CS ,cc CS–Do you remember these rules for compound sentences?
1. CS stands for complete sentence; cc stands for coordinating conjunction.
2. You can join one CS (complete sentence) with another CS by using a comma-cc (,For/ ,And/ ,Nor/ ,But/ ,Or/ ,Yet/ ,So).
3. You may not combine two complete sentences into one with a cc only–you must put a comma before it: The shepherd led them to the brook, AND they drank….
ALOT vs A LOT: ALOT is not one word; it should be two words–A LOT—meaning a bunch or a large amount: The shepherd led them to the brook, and they drank a lot….
No comma before a subordinator at the end of a sentence unless it is a WHICH clause-
1. You do not need a comma before the BECAUSE.
2. You do not hear a pause (like you would if it were a WHICH clause): The shepherd led them to the brook, and they drank a lot because they were very hot and thirsty.
No Comma Between an adverb and the adjective it describes—
1. Or more clearly put, no comma between a qualifier and a describer: VERY hot and thirsty (not VERY, hot, and thirsty).
2. Very is an adverb telling how hot (an adverb describing an adjective or qualifying it).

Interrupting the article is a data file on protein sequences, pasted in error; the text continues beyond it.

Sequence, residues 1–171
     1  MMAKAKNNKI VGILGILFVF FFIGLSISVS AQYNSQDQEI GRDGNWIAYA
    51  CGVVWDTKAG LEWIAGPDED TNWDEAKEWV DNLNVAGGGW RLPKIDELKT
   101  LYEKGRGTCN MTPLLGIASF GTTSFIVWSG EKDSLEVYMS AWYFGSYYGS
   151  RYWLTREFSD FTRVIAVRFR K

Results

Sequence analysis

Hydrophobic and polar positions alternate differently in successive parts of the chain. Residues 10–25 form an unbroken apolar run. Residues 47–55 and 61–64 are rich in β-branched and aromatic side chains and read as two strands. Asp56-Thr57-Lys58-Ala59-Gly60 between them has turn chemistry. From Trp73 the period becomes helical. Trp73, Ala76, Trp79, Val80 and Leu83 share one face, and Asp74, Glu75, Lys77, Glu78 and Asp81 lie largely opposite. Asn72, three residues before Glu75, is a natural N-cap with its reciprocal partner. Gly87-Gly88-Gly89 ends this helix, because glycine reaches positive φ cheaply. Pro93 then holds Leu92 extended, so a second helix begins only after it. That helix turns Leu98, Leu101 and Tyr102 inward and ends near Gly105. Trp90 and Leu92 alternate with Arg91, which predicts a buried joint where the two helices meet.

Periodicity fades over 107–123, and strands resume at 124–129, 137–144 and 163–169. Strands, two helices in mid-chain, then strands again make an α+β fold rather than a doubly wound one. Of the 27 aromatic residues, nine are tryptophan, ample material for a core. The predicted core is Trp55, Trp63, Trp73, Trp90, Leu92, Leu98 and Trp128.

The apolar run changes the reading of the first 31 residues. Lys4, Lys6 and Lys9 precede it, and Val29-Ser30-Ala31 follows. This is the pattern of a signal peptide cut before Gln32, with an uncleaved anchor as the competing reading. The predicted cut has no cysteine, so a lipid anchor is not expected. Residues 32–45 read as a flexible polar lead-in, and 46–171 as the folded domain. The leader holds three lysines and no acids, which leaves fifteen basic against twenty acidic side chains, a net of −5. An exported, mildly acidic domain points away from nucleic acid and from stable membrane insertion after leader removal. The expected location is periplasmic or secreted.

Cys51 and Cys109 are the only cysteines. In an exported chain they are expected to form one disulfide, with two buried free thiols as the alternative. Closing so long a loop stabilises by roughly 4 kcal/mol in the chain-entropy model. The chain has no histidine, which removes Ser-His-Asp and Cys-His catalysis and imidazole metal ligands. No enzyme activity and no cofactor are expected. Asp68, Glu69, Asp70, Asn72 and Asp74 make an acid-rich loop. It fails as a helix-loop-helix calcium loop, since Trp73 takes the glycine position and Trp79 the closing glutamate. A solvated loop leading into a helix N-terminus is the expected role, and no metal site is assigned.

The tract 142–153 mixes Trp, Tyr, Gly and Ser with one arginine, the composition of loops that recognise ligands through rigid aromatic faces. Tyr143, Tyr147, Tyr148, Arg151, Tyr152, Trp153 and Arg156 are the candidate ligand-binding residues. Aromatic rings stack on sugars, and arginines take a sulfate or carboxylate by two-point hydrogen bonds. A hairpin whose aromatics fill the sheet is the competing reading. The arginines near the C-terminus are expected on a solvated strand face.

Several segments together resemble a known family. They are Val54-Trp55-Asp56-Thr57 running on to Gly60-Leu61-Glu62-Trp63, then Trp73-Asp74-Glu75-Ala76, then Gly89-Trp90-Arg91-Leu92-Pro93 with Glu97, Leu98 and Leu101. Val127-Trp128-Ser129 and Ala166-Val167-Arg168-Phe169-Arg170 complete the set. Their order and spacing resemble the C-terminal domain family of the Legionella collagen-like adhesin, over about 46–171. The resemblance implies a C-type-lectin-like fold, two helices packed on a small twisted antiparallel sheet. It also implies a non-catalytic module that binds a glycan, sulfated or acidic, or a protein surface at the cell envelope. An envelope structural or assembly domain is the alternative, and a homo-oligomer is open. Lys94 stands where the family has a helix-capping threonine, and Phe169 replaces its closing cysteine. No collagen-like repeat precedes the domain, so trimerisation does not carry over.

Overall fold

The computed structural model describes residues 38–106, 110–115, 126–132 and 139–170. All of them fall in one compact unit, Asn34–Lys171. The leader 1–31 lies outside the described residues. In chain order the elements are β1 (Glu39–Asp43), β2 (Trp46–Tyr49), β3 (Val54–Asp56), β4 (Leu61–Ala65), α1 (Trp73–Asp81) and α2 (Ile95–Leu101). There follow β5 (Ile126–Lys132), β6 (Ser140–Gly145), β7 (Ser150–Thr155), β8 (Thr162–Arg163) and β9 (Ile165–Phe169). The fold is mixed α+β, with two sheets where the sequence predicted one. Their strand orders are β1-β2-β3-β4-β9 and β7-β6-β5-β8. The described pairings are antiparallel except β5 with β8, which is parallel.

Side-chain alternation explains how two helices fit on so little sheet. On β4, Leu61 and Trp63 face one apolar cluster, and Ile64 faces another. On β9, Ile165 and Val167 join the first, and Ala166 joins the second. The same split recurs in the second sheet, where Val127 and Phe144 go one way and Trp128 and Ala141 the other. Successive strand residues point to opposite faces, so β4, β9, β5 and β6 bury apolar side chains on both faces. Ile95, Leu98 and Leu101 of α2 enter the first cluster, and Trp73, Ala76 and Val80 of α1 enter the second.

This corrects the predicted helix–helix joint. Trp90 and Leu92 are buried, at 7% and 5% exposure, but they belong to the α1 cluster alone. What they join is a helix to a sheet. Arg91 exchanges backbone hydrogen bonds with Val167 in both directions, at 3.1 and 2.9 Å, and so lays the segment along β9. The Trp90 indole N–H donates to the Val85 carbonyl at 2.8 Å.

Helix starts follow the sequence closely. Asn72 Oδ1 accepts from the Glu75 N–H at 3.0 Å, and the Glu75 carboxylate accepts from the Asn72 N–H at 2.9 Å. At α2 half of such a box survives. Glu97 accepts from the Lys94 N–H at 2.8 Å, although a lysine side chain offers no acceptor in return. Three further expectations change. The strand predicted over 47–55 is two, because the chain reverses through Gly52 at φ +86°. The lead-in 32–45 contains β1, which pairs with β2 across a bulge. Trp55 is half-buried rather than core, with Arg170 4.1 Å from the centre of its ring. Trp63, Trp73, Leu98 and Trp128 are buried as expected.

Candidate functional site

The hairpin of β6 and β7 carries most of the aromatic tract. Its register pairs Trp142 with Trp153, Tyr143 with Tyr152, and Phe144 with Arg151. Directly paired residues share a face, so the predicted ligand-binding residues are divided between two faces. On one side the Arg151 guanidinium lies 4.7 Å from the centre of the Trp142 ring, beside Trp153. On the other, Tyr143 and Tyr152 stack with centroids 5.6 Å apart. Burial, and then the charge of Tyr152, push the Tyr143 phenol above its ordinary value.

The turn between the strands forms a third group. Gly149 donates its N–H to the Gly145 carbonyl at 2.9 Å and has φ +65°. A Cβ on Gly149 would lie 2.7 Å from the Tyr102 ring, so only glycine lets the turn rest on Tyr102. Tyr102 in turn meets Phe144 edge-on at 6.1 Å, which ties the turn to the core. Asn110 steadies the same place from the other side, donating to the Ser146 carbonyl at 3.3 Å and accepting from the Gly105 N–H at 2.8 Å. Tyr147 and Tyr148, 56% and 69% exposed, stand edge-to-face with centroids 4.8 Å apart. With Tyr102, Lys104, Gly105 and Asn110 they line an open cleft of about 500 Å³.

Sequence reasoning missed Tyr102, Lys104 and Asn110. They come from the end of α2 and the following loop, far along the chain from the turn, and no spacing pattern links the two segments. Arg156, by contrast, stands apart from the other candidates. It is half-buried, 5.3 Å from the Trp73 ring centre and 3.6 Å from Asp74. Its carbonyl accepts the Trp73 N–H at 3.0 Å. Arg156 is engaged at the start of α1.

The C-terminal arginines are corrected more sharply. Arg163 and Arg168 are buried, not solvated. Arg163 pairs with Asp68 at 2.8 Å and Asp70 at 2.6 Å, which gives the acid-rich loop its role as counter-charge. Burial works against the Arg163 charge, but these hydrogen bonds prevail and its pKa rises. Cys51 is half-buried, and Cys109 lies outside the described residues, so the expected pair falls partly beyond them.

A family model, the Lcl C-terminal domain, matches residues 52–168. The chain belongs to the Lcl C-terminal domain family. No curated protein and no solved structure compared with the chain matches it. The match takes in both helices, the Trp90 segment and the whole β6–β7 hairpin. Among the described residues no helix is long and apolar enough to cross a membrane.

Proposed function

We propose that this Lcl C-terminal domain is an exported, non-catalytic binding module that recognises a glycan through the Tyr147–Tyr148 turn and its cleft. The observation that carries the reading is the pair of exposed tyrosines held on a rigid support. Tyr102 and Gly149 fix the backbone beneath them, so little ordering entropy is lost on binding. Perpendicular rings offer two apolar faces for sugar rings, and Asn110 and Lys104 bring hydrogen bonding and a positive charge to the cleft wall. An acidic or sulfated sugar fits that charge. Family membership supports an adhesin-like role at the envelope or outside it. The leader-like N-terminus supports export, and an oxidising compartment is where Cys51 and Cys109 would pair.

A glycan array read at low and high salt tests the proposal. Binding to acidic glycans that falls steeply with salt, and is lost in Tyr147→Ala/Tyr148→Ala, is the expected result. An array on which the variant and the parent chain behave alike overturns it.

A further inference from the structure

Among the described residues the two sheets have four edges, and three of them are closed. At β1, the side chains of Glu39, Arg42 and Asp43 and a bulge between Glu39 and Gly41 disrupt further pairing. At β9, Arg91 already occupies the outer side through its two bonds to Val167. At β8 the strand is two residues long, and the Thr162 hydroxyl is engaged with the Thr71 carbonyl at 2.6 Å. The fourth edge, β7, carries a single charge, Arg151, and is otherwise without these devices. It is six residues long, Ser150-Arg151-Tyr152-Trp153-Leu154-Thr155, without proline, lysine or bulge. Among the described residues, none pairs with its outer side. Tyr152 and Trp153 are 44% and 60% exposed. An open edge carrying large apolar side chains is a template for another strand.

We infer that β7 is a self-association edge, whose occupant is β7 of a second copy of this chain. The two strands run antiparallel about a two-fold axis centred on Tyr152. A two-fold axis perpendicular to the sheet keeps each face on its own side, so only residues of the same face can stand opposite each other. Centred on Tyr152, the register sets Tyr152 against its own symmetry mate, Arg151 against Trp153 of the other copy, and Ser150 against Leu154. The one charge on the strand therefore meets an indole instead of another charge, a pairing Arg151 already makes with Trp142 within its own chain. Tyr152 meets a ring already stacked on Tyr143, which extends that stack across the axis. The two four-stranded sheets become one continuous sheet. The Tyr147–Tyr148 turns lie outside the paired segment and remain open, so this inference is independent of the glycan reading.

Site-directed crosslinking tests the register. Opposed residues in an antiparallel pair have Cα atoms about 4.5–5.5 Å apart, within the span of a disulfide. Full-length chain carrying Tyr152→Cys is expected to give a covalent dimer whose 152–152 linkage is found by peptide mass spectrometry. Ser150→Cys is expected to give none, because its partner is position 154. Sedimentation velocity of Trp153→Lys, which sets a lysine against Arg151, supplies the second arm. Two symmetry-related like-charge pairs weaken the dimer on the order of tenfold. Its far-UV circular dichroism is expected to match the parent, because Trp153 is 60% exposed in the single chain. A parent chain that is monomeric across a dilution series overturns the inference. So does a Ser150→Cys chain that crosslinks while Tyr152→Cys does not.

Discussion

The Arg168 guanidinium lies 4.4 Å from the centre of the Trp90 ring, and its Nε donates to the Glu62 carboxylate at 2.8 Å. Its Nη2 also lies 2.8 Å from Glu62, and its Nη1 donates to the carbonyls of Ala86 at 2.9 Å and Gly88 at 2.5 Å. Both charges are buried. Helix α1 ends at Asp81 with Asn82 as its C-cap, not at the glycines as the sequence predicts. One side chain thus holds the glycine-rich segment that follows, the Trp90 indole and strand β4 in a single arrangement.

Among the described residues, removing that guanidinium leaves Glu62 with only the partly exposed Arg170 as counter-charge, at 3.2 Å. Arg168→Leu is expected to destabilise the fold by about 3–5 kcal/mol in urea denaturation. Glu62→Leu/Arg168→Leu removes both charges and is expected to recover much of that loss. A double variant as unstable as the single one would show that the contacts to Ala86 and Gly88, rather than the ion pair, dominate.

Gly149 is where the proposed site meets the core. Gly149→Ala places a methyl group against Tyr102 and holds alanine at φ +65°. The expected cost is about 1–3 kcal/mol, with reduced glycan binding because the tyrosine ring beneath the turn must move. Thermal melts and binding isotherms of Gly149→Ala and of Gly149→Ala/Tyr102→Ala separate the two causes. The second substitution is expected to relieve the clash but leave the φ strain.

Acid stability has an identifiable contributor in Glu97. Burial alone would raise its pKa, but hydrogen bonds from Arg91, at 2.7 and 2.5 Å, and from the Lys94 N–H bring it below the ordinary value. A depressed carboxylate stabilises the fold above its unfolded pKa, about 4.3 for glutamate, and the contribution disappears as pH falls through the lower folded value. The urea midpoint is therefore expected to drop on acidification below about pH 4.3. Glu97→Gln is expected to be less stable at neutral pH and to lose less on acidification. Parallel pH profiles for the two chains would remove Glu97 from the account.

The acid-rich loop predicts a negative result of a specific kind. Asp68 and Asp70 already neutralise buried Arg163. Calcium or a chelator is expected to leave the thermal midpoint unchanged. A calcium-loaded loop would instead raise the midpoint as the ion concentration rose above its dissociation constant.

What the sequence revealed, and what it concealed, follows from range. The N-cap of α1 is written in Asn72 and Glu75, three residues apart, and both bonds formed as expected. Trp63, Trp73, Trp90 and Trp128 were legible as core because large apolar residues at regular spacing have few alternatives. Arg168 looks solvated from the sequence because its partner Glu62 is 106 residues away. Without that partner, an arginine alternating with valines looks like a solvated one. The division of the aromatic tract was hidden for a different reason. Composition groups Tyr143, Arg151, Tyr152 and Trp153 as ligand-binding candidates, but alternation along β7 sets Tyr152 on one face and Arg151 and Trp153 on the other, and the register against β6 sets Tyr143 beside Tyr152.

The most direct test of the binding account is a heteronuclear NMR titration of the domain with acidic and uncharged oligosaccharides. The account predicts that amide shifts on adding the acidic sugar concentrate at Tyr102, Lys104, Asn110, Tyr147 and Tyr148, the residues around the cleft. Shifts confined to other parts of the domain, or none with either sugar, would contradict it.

3. Tip for this:
a. If you can put an AND where you are trying to put the comma, then a comma is needed (in place of the and): they were muddy, hot, and thirsty (muddy AND hot AND thirsty).
b. If you cannot put an AND, do not put a comma: very AND hot—NO!).
c. Also, do not use a comma when you have only two adjectives and you are placing an AND in between them–either use a comma (hot, thirsty) OR place an AND (hot and thirsty) but not both.
Do you like to read Language Lady everyday or every day? Let me help you with that!
1. Two words
2. An adjective (every) describing a noun (day)
3. Used when you want to say EACH day or ALL days.
1,. One word
2. Usually an adjective together (the entire word is an adjective–everyday)
3. Used when you want to say something is NORMAL or TYPICAL.
1. Every day is an adjective and noun together already–do not use these two words to describe another noun! (NO: Those are our every day dishes.)
2. Everyday is an adjective alone–use it to describe another noun. (YES: Those are our everyday dishes.)
Tricky Trick to Help It Stick: A wise grammarian recommends “testing” your words by seeing if you could put the word “single” in between every and day. (EACH single day):
1. If you can put “single” in between the two words, then you want the two separate words meaning EACH day…every single day:
a. I went to the mail box every SINGLE day. I went to the mail box every day.